Fat does not make you fat by itself. An excess amount of anything that provides you with energy, will be stored as fat, so you can use the energy later. Fat can be stored as fat, just like carbohydrates and protein can.(20 votes)
- I would like to know what are nucleic acids.(7 votes)
- DNA is deoxyribonucleic acid. RNA is ribonucleic acid. So therefore DNA and RNA are both different types of nucleic acid.
Hope this helps!(5 votes)
- What is polarity? And how is this related to solubility?(3 votes)
- Polarity means one end is positive and the other is negative. For example in phospholipids, the phosphate is positive and the other side is negative. The negative side avoids water, so the molecule doesn't mix well. Solubility is how well something mixes, so there is your answer.(11 votes)
- Why can't we get nitrogen from the air? We get oxygen from it . . .(4 votes)
- We cannot assimilate nitrogen gas because is a very stable molecule. Oxygen gas is nowhere near that stable.
There are very few organisms that are capable of assimilating nitrogen gas. The cyanobacteria can. Beyond that, the only thing that I know of that can do this is a type of bacteria called rhizobia, which lives in symbiosis with legumes and a small number of other plants -- that is how legumes can fix nitrogen (it is actually the bacteria).
Oh, yes, there is also a group of plants that live in symbiosis with a type of bacteria called Frankia, they're called the "Actinorhizal" plants, but I don't know much about them.
Other than that, I don't know of any organism that can metabolize nitrogen gas -- it is just too inert.(5 votes)
- Why do we eat things we can't digest?(5 votes)
- Like cows, we also have bacteria in our stomach that can indeed digest some things. And because sometimes bark kinda looks like those brownies....(1 vote)
- What are lipids?(3 votes)
- Lipids are one of the four major groups of organic molecules; the other three being proteins, nucleic acids (DNA), and carbohydrates (sugars). Lipids are made up of the same elements as carbohydrates: carbon, hydrogen, and oxygen. However, lipids tend to contain many more hydrogen atoms than oxygen atoms.
Lipids include fats, steroids, phospholipids, and waxes. One main characteristic of lipids is that they do not dissolve in water.
What do they do?
Lipids play an important role in living organisms. Some of their main functions include energy storage, hormones, and cell membranes.(2 votes)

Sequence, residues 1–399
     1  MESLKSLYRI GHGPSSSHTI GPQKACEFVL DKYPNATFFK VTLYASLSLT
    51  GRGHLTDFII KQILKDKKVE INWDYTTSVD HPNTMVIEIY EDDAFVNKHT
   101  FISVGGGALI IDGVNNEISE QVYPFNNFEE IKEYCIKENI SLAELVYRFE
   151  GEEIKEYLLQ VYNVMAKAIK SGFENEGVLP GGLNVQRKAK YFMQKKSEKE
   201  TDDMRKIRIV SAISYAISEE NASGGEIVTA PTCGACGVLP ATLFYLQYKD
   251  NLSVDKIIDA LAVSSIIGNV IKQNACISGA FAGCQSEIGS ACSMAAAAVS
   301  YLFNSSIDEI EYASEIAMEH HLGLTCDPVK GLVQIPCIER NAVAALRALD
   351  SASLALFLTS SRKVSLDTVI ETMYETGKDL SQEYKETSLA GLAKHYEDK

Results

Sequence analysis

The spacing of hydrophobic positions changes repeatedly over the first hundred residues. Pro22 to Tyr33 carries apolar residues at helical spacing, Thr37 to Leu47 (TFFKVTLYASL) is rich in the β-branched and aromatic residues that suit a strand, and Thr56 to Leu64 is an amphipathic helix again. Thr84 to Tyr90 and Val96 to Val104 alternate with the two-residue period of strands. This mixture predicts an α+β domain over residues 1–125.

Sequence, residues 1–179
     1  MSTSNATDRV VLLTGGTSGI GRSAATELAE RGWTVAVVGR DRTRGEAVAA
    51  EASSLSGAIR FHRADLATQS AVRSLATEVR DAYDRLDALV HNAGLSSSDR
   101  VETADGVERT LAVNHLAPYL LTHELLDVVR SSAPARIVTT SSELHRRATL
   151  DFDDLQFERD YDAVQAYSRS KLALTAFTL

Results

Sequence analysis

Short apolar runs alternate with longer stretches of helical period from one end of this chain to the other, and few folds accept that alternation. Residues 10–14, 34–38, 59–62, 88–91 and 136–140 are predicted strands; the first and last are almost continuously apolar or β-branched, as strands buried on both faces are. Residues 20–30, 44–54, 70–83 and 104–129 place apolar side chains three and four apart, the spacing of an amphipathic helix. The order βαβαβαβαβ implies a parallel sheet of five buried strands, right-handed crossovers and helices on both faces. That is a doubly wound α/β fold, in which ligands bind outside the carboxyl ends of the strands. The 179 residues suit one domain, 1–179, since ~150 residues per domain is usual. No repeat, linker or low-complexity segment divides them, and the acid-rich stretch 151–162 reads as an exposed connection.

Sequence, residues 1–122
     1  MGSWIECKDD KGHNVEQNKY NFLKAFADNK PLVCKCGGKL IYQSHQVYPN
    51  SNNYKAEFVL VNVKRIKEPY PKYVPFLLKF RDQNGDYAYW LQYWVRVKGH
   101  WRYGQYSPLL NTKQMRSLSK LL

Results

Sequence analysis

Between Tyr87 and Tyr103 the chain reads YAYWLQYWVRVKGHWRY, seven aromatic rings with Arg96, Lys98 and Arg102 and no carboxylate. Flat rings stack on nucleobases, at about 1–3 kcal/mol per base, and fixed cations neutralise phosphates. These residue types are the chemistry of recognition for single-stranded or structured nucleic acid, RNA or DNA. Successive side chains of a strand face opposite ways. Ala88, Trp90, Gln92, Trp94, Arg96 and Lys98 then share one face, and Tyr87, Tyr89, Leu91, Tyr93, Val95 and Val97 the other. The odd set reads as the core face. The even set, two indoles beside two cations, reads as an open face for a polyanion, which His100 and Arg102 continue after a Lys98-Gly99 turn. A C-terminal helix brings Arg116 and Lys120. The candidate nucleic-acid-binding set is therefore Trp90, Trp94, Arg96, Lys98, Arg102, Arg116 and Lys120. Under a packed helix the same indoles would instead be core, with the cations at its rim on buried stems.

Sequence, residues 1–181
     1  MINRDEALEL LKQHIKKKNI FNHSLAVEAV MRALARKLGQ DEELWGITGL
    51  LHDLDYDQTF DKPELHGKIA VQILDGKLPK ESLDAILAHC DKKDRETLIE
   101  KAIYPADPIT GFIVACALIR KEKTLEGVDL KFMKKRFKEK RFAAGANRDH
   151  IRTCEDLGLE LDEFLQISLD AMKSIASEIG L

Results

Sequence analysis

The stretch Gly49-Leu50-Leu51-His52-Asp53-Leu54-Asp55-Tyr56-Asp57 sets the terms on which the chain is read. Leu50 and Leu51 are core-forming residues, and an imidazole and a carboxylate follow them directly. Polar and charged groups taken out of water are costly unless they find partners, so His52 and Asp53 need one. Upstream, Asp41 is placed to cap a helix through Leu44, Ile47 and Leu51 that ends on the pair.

- Hello, and welcome, to the kitchen. I wanted to invite you here today because last week we started off in my bathroom, and I kinda feel bad about that, and also because as I'm making lunch today, I wanted to sort of use it as a lab. During this time in my kitchen, I'm going to talk to you about three different things. One, the three most important molecules on the Earth. Two, possibly the grossest sandwich I'm ever going to eat. And three, an obscure scientist who taught us everything that we know about urine. (upbeat music) So far we've talked about carbon and we've talked about water. And now we're gonna talk about the molecules that make up every living thing and every living thing in every living thing. I don't care if you're a bacterium or if you're a blue whale or if you're Lady Gaga or if you're a mite living on the Queen of England's eyelashes. They're called biological molecules. These aren't just building blocks. These are the molecules necessary for every living thing on Earth to survive. They are essential sources of energy, they are the means of storing that energy, they are also the instructions that all organisms use to be born, to grow and to ultimately pass those same instructions on the the future generation. They are the ingredients for life. And we call them, the Carbohydrates, the Lipids, the Proteins, and the Nucleic Acids. And today we're just gonna be talking about the first three. It's no coincidence that we classify them in the same way that we classify food. Because, they're food. And for this classification we have to thank a little known English physician, who hundreds of years ago dedicated his life to the study of human pee. (upbeat music) Wow, my goodness, I'm back in the den so that must mean that it's time for the most awkwardly named segment here on crash course, Biolography. His name was William Prout. And in the early 1800's he became fascinated with human digestion, especially our urine. And that's because he thought that the best way to understand the human body was through chemistry. And the best way to understand the body's chemistry was to understand what it does to food. By day, he was a practicing physician but every morning before breakfast he did research in his home laboratory in London. And there he did many great things like being the first to discover that our stomachs contained Hydrochloric Acid and writing a breakthrough book about Kidney Stones called, An Inquiry Into the Nature and Treatment of Gravel, Calculus and Other Diseases Connected with a Deranged Operation of the Urinary Organs. And he was, of course, the first person to discover the chemical composition of pure urea, the main component of urine. For the record, here it is. And in the presence of water, urea gives off Ammonia. Which is why your pee smells. Through his years of studying urine, Prout came to the conclusion that all foods stuff fell into three categories. The Saccharinous, carbohydrates. The Oleaginous, the fats and the Albuminous, the proteins. He went so far as to say that in order to be healthy you needed to eat all three of these things. Not just, sheep, kidneys and gin which is probably what most of London was living on at the time. But like many great minds, Prout was overlooked in his own lifetime, because while he was study actual science everybody else was walking around believing that the color of your urine was determined by your personality. This guy looks like a total jerk to me. And if you could tell that much by color, I wonder what you could tell by taste. Now he didn't understand that there were biological molecules. He didn't understand what these things were. But he did understand that there were three ingredients necessary for life. And it turns out that all organisms either need to synthesis or ingest those ingredients in order to live. We're gonna start off with the most basic of these ingredients for life and that is the carbohydrate. You've no doubt heard of them, you may in fact be avoiding them like the plague. But the fact is that nothing, and no one can avoid carbohydrates because they are the source of all energy that we have available to us. Carbohydrates are made up of sugars. And the simplest of them are called Monosaccharides. Mono, for one, saccharides for the actual root of the word sugar. The star of the show here is Glucose because it's truly fundamental. By which I mean, like number one of the global food chain because it comes from the sun. All biological energy is originally captured from the sun by plants as glucose through photosynthesis. And every cell that needs energy uses glucose to get that energy through a process called Respiration. In addition to glucose, there are other monosaccharides like Fructose, which has the same molecular formula C-6-H-12-O-6 but arranged differently. These subtle chemical differences do matter. Fructose for example, is significantly sweeter that glucose. It's also processed by our bodies in different ways. And then there are, Disaccharides. Which like the name says, are just two monosaccharides put together. And the most famous of these is Sucrose. Which is simply a glucose molecule and a fructose molecule joined by a covalent bond. Mono and disaccharides are pretty much just little niblets of energy that are really easy for our bodies to process. But when these carbohydrates start to form into longer and longer chains their functions and their roles change as well. Instead of being sources for instant energy they become store houses of energy or structural compounds. These are Polysaccharides. Instead of being just two, or three monosaccharides put together, polysaccharides can contain thousands of simple sugar units. And because they're so big and burley, they're great for building with. In plants, cellulose is the most common structural compound, it's just bunch of glucose molecules bound together and it is the most common organic compound on the planet. Unfortunately, it's very difficult to digest. Cows can do it but humans certainly cannot. Which is why you don't enjoy eating grass. Polysaccharides are also really good for storing energy and not just structurally, but just as an energy store. And that's where we get bread. Now really interesting thing here, bread made up of starch, the most simple of which is called Amylose. Amylose and cellulose looked almost exactly identical. But one is grass and the other is bread. Like, chemistry! Plants store glucose in the form of starch and it comes in lots and lots of different forms. From roots and tuberose, to the sweet flesh of fruits, to the starchy seeds of the wheat plant that end up being milled into flour. Ground up grain is the main ingredient in the bread of course and most the calories, or the energy content comes from carbohydrates. When I eat this, and I'm gonna eat the hell out of it I'm gonna be eating all of the chemical energy that this wheat plant got from the sun in order to feed it's next generation of seeds that we then stole for our own use, all for me. Now we have human beings can't grow fruits or tubers so we have to store our energy in a couple of different ways. The way that we tend to store carbohydrate energy is in glycogen which is very similar to amylose or starch but has more branches and is more complicated. It's basically made up of the glucose that we have left over after we eat and it sits in our muscles really ready to use and it's also stored in our livers. It's generally a pretty short-term store, if we don't eat for like a day pretty much all of our glycogen gets depleted. But over in the longer term, the way that we store our energy is through fat. All of our mom's worst energy, the fat which turns out to be actually really important. And are the most familiar sort of a very important biological molecule, the lipid. Lipids are smaller and simpler than complex carbohydrates and they're grouped together because they share an inability to dissolve in water. This is because their chemical bonds are mostly non-polar. As since water, as we learnt in the previous episode despises non-polar molecules, the two do not mix. It's like oil and water. In fact, it's exactly like oil and water. And if you've ever read a nutrition label or seen this thing called a television, you're probably pretty conversant in the way that we classify fats. But then you know, 99% of us have no idea what those classifications actually mean. Fats are made up mainly of two chemical ingredients, glycerol, which is a kind of a alcohol and fatty acids, which are long, carbon hydrogen chains that end in a carboxyl group. When you get three fatty acid molecules together and connect them to a glycerol, that's a triglyceride. These feature prominently in things like butter, and peanut butter and oils and white parts of meat. These triglycerides can either be saturated or unsaturated and I know that when we put the word fat and saturated into the same sentence it sounds like an evening at KFC. But here we're talking about being saturated with hydrogen. As you hopefully remember from our first lesson, carbon is very nimble in how it uses it's four electrons, it can form single, or double or even sometimes triple bonds. This means that if a carbon atom and a fatty acid are connected by single bonds all of the carbon atoms end up connected to at least two hydrogen atoms, and one of them picks the third. So the fatty acid is saturated with hydrogen. But when some of the carbon atoms are connected to each other with double bonds, all those carbon's electrons are spoken for and so they're not able to pick up those hydrogen atoms. This means that they're not saturated with hydrogen and they are unsaturated fatty acids. To demonstrate, may I direct your attention to this jar of peanut butter. Here you can kind of see both kinds of fat the liquid stuff you see at the top here, that is the unsaturated fat, which we generally think of as oils. The pasty stuff done here also contains lots of unsaturated fat but also contains saturated fat. Which doesn't have any double bonds so it can pack more tightly and form solids at room temperature. And there are also other fat classifications you've heard of. Trans fats, which everyone tells you never to eat. They're right, don't eat them. They don't exist in nature and are basically unsaturated fatty acids that instead of kinking, go straight across and so they're extra, super bad for you. Don't eat them. Omega three fats are fatty acids that are unsaturated at the three position, which is like right there, then that's the only difference. But the reason why these are important is because we can't synthesis them ourselves, they're essential fatty acids, meaning that we need to eat them in order to get them. All this is starting to make me pretty hungry. But before we get to more food stuff there are some unappetizing sort of lipids that we also need to talk about. So remember that triglycerides are three fatty acids connected to a glycerol. Swap one of those fatty acids out for a phosphate group and you have a phospholipid. And these make up cell membrane walls. Since that phosphate group gives that end a polarity it's attracted to water. And the other end is non-polar and it avoids water. So if you were to scatter a bunch of phospholipids into some water, they would automatically arrange themselves like this, with the hydrophobic ends facing each other and the hydrophilic ends sticking out to face the water. Every cell in your body uses this natural structure to form its cell wall in order to keep the bad stuff out and the good stuff in. Another class of lipids is the steroids. Steroids have a backbone of four interconnected carbon rings which can be used to form hundreds of variations. The most fundamental of them is cholesterol, which binds with phospholipids to help form cell walls. But these can also be activated to turn into different lipid hormones. And so now we approach the most complicated, powerful, polymorphously awesome chemicals in our body, the protein. And by complicated, I mean that they are probably the most complicated chemical compound on the planet. In fact, they're so amazing that we're gonna do a separate episode on them and how they are created by DNA. But right now, in you there are tens of thousands of proteins doing everything they can to keep you alive. There are enzymes regulating chemical processes, helping you digest food. There are antibodies connecting themselves to invaders like bacterium and viruses so that your immune system can get 'em! There are protein endorphins that like mess around with your brain and make you like feel emotions. So they're everywhere, they do everything! And proteins do all of this stuff using just 20 different ingredients and these are the amino acids. Just like fatty acids, amino acids have a carboxyl group at one end and on the other end they have an amino group, Amino acid. Now hey I don't know if you noticed this but this is the first time that nitrogen has shown up in our food. This is super important because despite the fact that nitrogen is like everywhere, it's like 80% of the air, we can't just pull it out of the air and put it into our bodies. We have to get nitrogen from food and so we have to eat foods that are high in protein, like this egg which, by its very virtue, because it is, all the white part is protein, it contains a goodly amount of nitrogen. Now on the middle of the amino and the acid group is a carbon and it shares one of its electrons with a group of hydrogen and the other electron is free to be shared with R. Which is just to kind of fill in the blank. We call it the R group. It can also be called a side chain and there are 20 different kinds of side chains. Whatever fits in the blank will determine the shape and the function of that amino acid. So if we put this in there we get Valine, which is an amino acid that does a lot of stuff like protecting and building muscle tissue. And if we put this in there you get Tryptophan which may be best known for it's role in helping you regulate mood and energy level. Amino acids form long chains called polypeptides. Proteins are formed when these polypeptides not only connect, but elaborate into frankly really elegant structures. They fold, they coil, they twist. If they were sculptures I would go to the museum every day just to look at them. And I'd walk straight passed the nudes without even looking. But protein synthesis is only possible if you have all of the amino acids necessary and there are nine of them that we can't make ourselves. Histidine, isoleucine, leucine, lysine, methionine, phenylalanine, threonine, tryptophan and valine. By eating foods that are high in protein, we can digest them down into their base particles and then use these essential amino acids and building up our own proteins. Some foods, especially ones that contain animal protein have all of the essential amino acids, including this egg. And that concludes this triple decker sandwich of biological awesomeness, which is all we need to be happy, healthy people. And I'm sure because of that it's going to be delicious. Nope!